Vintage Railway Signal Lamp


 Vintage railway signal lamp.

Can show yellow, green and red light.

With a burner. 


(Green glass piece broken but does not show when the light is closed)

22cm Front to back x 15cm Bottom x 37cm Height.

1 in stock


Antique Railroad Lanterns and Lamps

In the days before city lights and GPS, railroad lanterns served a very important purpose: they communicated signals at night between trains and stations. Sometimes, a timely lantern signal meant the difference between life and death. In one romanticized 19th-century story, for example, a 15-year-old girl named Kate Shelley saved the Fast Atlantic Express from a broken bridge by alerting a station agent, whose lantern signal to the train averted disaster.

In the most basic sense, railroad lanterns have four components: a base, a wire guard (or cage), a chimney, and a glass globe housing the light source. The cage protects this globe from damage, but, even so, antique lanterns with intact globes are rare.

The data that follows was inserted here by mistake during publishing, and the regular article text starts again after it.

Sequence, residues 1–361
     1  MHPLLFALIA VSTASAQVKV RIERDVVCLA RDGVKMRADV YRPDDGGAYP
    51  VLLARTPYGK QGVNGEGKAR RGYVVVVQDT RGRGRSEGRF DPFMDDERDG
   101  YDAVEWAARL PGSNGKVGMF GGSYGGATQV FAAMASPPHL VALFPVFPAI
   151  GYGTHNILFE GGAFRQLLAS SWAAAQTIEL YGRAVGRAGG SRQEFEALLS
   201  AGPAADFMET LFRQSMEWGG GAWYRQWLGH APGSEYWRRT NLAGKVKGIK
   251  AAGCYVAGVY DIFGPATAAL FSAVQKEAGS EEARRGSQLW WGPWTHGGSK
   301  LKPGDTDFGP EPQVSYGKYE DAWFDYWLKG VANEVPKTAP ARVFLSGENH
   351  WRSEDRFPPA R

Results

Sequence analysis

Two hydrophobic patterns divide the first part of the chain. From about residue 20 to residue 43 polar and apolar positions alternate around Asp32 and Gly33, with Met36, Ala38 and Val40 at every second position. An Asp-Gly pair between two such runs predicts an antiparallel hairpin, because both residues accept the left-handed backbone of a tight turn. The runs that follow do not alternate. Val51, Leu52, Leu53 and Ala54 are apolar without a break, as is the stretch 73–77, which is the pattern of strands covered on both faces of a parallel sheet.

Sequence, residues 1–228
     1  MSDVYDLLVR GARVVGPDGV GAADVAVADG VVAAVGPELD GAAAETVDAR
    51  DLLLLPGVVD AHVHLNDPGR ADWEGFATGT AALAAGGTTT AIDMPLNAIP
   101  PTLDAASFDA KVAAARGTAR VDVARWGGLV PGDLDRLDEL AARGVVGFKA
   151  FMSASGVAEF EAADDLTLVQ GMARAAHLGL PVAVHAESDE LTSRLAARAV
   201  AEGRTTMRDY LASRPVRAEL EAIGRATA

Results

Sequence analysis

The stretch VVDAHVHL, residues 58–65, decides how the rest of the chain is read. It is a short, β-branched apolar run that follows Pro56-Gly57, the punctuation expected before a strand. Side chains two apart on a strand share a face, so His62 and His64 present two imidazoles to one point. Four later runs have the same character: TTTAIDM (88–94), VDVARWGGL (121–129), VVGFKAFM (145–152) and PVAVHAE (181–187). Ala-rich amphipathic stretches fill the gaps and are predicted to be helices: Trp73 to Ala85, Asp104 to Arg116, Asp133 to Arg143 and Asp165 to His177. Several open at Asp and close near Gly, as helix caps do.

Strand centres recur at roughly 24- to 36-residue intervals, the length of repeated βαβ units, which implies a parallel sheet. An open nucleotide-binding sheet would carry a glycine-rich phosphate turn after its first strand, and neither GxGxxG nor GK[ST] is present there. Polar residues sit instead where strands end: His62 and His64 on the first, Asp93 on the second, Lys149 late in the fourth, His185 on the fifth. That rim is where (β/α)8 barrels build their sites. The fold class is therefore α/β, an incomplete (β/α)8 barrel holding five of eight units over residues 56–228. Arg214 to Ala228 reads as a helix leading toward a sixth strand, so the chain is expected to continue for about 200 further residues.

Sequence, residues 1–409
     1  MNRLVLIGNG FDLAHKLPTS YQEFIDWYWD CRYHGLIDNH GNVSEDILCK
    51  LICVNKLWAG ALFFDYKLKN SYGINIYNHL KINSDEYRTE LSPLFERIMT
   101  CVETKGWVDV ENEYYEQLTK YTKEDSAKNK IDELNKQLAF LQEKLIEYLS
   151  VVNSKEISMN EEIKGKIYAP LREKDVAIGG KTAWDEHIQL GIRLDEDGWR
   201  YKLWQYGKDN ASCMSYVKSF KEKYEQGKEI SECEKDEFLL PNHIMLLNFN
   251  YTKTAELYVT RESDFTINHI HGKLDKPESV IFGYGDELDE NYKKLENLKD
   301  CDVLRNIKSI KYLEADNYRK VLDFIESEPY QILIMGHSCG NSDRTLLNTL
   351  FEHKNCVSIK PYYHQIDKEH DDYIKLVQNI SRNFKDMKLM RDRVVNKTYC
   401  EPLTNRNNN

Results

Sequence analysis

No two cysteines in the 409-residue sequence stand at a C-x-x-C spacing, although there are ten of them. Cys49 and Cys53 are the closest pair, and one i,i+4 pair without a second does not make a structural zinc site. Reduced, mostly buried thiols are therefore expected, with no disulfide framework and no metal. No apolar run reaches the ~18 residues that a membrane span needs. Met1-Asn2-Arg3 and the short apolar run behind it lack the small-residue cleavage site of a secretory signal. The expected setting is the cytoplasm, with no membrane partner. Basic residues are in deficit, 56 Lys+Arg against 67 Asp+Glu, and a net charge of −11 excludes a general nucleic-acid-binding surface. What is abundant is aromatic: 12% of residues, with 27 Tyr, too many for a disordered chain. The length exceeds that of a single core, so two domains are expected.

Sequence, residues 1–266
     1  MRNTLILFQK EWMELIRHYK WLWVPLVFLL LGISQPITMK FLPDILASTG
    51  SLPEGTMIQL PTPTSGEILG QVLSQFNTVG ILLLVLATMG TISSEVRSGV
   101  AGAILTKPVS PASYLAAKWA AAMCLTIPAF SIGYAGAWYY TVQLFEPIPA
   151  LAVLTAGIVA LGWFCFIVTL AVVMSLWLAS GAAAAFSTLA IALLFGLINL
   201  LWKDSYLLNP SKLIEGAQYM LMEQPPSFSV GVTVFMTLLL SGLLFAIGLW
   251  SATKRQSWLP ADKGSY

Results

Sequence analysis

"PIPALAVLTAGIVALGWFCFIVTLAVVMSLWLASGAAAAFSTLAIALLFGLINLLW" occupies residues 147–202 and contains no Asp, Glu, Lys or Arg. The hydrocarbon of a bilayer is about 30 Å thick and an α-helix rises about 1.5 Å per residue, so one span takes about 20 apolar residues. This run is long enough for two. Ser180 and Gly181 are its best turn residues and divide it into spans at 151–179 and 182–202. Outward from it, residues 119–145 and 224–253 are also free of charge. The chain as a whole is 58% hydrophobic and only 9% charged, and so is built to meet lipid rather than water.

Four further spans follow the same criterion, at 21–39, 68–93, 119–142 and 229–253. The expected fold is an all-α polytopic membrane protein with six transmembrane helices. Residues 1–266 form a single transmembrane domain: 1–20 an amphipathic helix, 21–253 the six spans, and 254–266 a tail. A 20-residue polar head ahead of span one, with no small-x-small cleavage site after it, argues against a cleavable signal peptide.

Lanterns can be divided into a few basic categories. The first is the fixed-globe lantern, the earliest type. These were most popular from the time of the Civil War to a few decades afterward. Most of those that have survived were used on railroad lines in the northeastern United States, which had older lines than other parts of the country

Additional information

Weight 1 kg